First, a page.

Each chapter is a "hero" or two. Started off good with some biblical famous names (John, remember that question I asked about Kael the other day? She's mentioned in this chapter.) Then it zips forward to Roman times, and keeps moving forward in time until present(ish) day with Margaret Thatcher and Ronald Reagan. I lost interest about 2/3 of the way in at the chapter with the psychologist I'd never heard of...but before then I really enjoyed it. The reading is easy, and does manage to find one o...more
The book includes brief narratives of more than a few of the expected characters (George Washington, Winston Churchill, Robert E. Lee, Abraham Lincoln), a few from ancient or Biblical days you might not expect (Alexander the Great, Julius Ceasar, Samson, Judith) and a that find totally unexpected or not agree with (Mae West, Marilyn Monroe,
Emily Deckinson, and one or two more I hadn't heard of and don't remember). Interesting mix of characters, and you're certain to discover something new about...more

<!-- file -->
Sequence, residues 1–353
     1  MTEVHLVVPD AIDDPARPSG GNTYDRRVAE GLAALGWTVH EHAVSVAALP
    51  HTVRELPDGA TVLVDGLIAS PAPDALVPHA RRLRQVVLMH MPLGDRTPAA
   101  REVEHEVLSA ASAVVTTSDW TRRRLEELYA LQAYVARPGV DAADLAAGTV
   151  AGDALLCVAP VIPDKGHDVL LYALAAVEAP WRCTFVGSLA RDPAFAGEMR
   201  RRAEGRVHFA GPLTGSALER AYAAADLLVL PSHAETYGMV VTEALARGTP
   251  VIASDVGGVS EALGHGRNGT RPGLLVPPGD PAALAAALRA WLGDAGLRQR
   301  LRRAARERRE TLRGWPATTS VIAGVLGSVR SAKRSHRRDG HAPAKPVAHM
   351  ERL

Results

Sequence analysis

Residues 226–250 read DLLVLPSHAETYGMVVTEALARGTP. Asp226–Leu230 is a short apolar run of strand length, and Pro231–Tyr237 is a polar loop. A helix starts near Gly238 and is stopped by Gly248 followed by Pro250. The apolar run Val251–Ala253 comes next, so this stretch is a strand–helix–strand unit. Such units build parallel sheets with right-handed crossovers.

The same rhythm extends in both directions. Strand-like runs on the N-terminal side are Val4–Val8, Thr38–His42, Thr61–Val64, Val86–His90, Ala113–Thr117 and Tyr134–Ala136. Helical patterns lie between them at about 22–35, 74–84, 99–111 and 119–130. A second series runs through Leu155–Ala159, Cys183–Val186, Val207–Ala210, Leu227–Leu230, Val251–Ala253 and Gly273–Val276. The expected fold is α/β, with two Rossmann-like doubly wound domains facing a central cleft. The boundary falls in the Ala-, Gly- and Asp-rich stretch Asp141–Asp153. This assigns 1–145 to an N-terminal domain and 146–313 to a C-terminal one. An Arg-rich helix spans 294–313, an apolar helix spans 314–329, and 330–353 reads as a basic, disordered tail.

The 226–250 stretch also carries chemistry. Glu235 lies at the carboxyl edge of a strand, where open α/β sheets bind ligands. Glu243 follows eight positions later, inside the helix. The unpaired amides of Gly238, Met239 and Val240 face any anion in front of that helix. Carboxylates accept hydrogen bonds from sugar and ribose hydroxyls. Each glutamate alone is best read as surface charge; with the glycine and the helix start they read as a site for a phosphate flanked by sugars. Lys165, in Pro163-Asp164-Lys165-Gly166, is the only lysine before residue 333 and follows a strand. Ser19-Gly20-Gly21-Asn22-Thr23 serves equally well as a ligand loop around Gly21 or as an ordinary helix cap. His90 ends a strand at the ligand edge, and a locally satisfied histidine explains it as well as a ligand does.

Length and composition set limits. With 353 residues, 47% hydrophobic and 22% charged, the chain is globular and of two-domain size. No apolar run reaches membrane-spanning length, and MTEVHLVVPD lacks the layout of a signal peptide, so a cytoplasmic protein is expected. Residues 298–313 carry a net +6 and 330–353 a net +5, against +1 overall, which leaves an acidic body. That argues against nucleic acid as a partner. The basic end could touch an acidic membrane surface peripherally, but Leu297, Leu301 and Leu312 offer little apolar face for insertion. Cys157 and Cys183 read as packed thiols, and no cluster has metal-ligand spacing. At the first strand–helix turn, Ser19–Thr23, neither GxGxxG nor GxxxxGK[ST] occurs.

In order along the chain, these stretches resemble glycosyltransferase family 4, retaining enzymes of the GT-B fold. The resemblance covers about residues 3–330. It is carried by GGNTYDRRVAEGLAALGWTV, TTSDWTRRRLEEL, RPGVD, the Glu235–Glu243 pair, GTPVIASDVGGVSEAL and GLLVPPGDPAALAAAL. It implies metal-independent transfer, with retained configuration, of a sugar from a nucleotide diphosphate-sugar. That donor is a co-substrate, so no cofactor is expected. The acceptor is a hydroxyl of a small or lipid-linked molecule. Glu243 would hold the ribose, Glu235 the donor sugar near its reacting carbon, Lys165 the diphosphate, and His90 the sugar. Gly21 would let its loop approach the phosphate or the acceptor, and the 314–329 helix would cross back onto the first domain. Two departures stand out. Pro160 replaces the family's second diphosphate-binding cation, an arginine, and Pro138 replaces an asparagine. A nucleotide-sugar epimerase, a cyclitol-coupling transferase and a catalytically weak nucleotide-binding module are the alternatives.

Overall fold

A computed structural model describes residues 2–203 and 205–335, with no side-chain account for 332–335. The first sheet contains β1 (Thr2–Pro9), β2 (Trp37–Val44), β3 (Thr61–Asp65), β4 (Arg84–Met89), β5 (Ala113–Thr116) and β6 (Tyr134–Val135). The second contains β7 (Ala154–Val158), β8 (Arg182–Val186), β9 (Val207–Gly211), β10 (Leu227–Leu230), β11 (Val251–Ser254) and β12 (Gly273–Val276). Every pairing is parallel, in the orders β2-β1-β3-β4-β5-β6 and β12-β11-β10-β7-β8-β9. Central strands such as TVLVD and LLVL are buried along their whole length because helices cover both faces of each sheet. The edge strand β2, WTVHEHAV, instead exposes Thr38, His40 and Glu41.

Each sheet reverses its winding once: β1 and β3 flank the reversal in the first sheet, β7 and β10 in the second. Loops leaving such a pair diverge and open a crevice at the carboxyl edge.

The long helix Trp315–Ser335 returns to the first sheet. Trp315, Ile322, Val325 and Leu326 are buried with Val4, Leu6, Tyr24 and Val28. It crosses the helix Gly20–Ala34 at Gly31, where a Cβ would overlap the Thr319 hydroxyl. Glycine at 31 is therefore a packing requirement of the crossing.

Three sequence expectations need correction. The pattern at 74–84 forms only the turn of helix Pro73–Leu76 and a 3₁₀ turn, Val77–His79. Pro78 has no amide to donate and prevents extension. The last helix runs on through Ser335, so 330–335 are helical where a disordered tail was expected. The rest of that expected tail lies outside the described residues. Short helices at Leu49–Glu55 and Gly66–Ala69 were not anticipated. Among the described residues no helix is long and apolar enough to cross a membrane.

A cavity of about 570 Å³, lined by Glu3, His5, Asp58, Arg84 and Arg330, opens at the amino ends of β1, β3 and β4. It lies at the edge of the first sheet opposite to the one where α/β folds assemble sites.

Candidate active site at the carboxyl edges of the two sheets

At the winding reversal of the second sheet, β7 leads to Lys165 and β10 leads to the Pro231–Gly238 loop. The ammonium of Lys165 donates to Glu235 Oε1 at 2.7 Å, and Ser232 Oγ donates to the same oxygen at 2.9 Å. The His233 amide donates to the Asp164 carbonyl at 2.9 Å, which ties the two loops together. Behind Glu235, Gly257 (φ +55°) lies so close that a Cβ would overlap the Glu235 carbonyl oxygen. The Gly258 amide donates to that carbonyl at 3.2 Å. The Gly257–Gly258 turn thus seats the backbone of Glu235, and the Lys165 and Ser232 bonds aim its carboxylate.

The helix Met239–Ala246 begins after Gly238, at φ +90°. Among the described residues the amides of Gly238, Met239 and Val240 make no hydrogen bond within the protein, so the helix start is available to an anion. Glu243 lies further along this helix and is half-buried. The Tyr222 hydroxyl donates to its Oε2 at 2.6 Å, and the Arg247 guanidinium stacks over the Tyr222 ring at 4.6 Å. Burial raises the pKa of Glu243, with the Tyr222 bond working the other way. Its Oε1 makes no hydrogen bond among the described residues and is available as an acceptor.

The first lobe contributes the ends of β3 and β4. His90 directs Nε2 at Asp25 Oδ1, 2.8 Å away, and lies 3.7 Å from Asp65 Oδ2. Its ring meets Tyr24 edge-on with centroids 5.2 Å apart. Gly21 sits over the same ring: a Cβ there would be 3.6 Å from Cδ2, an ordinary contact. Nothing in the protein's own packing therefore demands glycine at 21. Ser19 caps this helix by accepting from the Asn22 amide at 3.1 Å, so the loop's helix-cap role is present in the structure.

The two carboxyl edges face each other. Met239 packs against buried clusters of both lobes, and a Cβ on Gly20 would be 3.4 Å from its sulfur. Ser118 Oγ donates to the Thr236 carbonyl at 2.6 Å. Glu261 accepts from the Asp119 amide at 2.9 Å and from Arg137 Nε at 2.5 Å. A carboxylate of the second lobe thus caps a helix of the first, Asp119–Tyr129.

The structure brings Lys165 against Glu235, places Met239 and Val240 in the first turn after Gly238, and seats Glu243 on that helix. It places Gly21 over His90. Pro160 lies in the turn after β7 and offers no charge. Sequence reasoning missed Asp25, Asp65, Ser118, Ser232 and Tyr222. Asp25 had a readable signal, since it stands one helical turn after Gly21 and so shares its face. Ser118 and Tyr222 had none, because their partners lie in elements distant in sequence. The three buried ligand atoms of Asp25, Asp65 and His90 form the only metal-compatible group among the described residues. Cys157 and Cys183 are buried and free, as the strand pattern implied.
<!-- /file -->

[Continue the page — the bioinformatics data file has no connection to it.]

Superb so far! Very Anglo-centric (but then this is Mr Johnson we're talking about), but still exemplary. His histories have the glory/fault of including personal anecdotes and editing. He never stints on the facts to back up everything he says, however, and really, truly does give you the whole story. He makes it all as personal as anyone can, gives you every facet of a figure's personality, and helps you get to know the people who did great and infamous deeds throughout recorded time.